When purchasing a home, important considerations are always included in the process – ranging from finding the perfect neighborhood to even smaller details, such as the number of bedrooms. A real estate transaction is one of the largest purchases you will make in your lifetime, and you should always do all of the required inspections. Testing for radon gas is one of the most important inspections that you can do. A radon test inspection in New Jersey is critical because it can protect your family’s health.
Radon tests help detect if a dangerous, radioactive, potentially cancer-causing gas is present in a home or property. Radon stems from naturally occurring materials such as soil, rocks and even water. Radon permeates from the ground, and outdoors, it is diluted by fresh air. However, radon that comes out of the ground and into a building or structure becomes trapped and then can elevate to high, unacceptable levels. As its presence is undetectable due to its odorless nature, getting a radon test inspection should be at the top of any homebuyers to do list.
However, homebuyers should be aware of a recent change in regulations regarding the validity of these tests. Recently, new regulations were released pertaining to radon tests in the State of New Jersey. In late 2022, the new regulations outlined that New Jersey real estate transactions that include radon tests must have:
- Property/building occupants agree to keep conditions (doors, windows, and other entryways) closed for a minimum of 12 hours and maximum of 144 hours.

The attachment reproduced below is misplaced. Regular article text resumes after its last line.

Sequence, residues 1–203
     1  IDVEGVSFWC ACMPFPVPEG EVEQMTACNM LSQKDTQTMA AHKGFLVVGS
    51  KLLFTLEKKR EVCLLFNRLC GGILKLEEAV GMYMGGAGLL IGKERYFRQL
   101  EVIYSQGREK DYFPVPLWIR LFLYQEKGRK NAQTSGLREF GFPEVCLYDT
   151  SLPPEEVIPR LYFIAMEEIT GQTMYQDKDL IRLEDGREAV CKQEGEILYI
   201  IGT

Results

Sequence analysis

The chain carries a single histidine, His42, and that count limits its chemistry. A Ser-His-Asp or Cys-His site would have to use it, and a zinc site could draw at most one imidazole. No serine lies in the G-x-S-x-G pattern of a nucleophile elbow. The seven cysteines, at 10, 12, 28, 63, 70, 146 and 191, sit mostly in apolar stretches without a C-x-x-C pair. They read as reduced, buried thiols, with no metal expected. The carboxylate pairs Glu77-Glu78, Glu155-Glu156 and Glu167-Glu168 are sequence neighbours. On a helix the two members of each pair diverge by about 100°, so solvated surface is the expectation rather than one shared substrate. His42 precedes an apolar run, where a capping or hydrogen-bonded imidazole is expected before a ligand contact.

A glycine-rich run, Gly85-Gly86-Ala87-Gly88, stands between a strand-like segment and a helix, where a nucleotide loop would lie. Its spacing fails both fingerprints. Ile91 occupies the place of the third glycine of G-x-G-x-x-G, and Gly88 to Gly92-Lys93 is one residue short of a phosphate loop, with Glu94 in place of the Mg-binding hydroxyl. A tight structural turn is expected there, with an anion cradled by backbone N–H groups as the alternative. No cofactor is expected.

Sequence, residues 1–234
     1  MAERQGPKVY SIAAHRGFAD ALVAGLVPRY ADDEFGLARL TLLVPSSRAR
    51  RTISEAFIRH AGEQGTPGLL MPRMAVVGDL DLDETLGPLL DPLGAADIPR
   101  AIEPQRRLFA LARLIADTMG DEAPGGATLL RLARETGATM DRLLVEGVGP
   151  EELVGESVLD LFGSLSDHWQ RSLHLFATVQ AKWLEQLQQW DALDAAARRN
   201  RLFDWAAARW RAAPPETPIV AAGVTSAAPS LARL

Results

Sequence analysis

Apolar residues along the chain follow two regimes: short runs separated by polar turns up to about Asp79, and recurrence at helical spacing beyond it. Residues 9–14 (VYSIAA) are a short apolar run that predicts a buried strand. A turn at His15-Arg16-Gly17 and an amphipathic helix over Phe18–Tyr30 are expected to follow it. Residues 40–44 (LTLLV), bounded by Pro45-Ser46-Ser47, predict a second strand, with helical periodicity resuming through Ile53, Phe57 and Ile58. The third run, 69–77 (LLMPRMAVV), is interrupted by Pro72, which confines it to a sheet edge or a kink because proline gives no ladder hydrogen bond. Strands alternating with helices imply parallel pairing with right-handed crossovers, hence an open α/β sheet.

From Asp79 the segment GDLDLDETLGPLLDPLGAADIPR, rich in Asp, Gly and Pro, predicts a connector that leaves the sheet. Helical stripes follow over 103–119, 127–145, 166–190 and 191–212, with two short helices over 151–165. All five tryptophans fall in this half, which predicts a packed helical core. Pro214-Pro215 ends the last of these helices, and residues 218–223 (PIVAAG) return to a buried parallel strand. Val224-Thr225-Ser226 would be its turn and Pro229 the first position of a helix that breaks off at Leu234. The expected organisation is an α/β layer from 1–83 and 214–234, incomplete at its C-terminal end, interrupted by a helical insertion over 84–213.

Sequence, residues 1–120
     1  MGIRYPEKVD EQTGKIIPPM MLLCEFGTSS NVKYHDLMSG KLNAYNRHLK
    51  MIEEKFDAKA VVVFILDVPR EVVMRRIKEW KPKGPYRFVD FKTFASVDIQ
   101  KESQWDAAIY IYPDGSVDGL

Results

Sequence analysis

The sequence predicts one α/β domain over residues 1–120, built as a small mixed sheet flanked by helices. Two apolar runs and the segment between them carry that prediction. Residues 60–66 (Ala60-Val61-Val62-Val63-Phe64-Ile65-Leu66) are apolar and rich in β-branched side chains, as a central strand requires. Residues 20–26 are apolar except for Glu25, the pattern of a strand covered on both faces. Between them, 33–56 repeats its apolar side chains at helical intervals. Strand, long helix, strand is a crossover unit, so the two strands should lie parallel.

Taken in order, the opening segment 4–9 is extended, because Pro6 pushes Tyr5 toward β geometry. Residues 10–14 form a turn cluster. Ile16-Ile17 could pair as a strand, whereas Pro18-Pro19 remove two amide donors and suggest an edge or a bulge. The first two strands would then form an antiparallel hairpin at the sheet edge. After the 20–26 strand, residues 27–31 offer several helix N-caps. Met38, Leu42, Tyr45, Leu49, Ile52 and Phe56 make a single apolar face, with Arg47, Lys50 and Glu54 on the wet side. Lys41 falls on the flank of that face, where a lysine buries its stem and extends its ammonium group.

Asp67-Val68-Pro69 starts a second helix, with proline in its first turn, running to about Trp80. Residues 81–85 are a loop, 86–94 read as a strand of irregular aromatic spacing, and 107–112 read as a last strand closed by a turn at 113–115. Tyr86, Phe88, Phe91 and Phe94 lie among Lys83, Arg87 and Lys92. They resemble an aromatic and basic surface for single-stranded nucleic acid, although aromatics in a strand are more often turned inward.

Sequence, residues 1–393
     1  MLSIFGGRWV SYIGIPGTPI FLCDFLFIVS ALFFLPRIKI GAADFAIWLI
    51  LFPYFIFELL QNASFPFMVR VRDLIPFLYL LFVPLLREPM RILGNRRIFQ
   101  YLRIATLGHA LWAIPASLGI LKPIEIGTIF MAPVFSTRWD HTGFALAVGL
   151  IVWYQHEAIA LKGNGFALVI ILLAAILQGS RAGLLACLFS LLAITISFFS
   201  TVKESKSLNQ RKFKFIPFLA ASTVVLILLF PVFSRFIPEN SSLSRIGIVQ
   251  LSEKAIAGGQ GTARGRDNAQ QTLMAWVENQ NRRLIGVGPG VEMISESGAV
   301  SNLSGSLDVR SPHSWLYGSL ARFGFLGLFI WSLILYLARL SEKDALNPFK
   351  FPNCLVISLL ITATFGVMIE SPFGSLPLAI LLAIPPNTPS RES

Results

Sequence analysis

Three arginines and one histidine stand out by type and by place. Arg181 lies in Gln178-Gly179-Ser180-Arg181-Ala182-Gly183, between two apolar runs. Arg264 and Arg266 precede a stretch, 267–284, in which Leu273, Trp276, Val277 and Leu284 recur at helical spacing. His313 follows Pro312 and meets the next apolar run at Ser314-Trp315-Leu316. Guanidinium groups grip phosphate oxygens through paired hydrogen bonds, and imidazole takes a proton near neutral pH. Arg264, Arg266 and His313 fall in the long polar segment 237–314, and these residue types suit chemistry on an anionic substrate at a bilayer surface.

- Property/building occupants be served with a non-interference agreement. The regulations require that an attempt be made to have the property/building occupant certify that they shall maintain closed conditions 12 hours prior to testing, will not disturb the test, and that the test has been conducted under closed building conditions (exterior doors and windows shall not be opened except momentarily). Currently, the regulations require only that a certification be provided to the property/building occupant to sign. Make sure that this certification is sent by your agent to the other agent to satisfy this requirement.
- Property/building must have a duplicate test – single can tests are no longer accepted.
- If a property contains three (3) or more units, then the new regulations require certification and licensing for technicians to allow them to conduct Multifamily radon testing.
With these new regulations in mind, be sure to always consult a real estate attorney in New Jersey that will advise you on making the right decisions during your transaction. If you wish to learn more about these new regulations or have additional questions about the contents of this blog as well as any of our other services, please contact Abdou Law Offices, LLC at (732) 540-8840.